Purslane is a broadleaf weed with a vertically growing, mat-forming growth habit and thick, succulent stems and leaves. Its stems are multibranched, growing horizontally or turned up at the ends. They are purplish-red in color. Purslane has thick, fleshy leaves and a thick taproot with many fibrous secondary roots. Blooming from June through November, Purslane produces small yellow flowers occurring singly or in terminal clusters. The flowers consist of five yellow petals with two green sepals with numerous yellow stamens. It reproduces by seeds, though broken stem fragments can root and form new plants.
This broadleaf weed prefers disturbed areas with rocky soils and is often found growing in waste areas, rocky bluffs, in crevices between bricks and in cracked cement; however, this weed can also grow in turf grass areas. Purslane thrives throughout much of the United States and Canada.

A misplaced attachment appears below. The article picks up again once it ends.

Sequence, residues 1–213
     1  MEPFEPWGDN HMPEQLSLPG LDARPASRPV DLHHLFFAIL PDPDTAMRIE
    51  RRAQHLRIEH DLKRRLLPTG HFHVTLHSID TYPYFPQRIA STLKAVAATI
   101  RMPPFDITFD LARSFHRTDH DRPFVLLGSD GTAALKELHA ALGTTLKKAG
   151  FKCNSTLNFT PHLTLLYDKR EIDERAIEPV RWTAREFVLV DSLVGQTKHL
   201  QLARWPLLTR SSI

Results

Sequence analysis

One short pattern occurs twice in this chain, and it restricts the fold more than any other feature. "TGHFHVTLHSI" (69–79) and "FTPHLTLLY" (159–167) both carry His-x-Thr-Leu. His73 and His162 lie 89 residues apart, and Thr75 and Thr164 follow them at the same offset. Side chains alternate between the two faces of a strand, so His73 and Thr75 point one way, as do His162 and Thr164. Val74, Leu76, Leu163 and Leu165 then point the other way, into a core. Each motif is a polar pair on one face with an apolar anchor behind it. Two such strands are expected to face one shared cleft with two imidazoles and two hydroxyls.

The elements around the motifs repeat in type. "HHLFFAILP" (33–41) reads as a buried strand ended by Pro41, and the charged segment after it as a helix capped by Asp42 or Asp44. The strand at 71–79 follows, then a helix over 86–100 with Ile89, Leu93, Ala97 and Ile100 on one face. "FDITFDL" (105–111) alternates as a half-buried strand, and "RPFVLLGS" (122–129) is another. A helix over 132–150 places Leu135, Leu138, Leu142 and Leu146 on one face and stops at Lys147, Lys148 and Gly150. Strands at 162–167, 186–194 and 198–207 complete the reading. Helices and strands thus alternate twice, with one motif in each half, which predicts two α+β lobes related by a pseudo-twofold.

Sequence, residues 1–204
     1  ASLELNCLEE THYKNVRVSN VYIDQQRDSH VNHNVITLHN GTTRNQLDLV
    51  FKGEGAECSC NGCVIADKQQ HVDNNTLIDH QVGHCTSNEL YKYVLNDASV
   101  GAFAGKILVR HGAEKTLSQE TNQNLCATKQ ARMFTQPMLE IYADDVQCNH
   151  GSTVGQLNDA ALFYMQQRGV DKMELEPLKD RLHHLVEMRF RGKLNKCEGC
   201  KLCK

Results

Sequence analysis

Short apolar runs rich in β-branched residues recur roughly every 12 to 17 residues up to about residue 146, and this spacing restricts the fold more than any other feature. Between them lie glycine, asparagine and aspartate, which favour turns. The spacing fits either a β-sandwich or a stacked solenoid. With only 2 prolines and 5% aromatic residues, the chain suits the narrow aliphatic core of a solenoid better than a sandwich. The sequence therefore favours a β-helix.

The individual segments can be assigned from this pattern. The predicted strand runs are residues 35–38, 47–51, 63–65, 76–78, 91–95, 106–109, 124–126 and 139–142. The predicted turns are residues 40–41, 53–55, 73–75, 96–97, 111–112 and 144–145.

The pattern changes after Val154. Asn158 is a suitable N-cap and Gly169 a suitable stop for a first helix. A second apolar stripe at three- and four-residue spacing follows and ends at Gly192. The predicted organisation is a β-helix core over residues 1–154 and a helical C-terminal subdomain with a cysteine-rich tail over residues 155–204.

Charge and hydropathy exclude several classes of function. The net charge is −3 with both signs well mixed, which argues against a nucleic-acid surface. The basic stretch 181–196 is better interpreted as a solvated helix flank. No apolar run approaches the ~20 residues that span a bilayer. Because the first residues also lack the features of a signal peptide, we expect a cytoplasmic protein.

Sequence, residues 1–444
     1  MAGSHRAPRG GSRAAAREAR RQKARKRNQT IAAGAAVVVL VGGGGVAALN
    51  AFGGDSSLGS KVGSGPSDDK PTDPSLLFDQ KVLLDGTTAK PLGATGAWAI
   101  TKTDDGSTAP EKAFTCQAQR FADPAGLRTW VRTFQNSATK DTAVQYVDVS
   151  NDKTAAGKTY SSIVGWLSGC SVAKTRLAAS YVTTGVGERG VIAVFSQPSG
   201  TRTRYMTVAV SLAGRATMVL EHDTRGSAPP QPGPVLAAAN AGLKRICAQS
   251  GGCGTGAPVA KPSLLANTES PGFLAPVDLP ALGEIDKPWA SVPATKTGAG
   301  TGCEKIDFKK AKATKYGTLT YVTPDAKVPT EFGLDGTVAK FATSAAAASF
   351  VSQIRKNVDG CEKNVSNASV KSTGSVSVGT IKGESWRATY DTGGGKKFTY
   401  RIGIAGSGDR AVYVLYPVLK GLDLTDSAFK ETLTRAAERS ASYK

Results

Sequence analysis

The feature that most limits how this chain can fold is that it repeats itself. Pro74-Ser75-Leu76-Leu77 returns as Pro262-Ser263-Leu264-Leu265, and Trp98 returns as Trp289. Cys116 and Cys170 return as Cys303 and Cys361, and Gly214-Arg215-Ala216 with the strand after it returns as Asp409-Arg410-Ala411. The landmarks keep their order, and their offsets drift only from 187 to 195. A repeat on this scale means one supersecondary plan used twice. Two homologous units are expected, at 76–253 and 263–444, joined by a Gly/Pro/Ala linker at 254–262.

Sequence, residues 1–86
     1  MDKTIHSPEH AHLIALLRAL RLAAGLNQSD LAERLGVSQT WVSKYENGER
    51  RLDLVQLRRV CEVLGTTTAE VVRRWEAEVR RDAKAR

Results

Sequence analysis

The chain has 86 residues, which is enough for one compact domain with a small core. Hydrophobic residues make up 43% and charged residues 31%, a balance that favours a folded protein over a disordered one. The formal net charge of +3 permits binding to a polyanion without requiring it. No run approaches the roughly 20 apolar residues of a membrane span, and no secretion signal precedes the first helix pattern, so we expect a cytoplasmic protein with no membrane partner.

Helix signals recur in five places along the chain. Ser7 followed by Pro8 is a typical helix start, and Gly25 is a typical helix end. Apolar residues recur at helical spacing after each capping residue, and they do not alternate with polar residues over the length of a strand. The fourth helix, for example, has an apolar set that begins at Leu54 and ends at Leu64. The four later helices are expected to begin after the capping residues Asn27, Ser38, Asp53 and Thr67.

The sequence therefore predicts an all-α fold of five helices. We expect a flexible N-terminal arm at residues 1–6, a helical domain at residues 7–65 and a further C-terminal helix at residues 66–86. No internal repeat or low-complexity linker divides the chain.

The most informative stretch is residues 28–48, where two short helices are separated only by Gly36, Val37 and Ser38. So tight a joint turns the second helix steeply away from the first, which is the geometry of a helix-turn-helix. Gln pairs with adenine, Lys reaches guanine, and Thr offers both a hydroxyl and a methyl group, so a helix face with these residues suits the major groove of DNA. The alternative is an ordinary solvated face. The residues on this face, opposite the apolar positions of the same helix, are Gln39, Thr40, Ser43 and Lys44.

Portulaca oleracea can be a troublesome weed to eliminate when relying on cultural weed control methods alone. Physical removal can remove single plants, but it is important to make sure no stem fragments are left behind. Professionally applied broadleaf weed killers are the best bet for complete removal.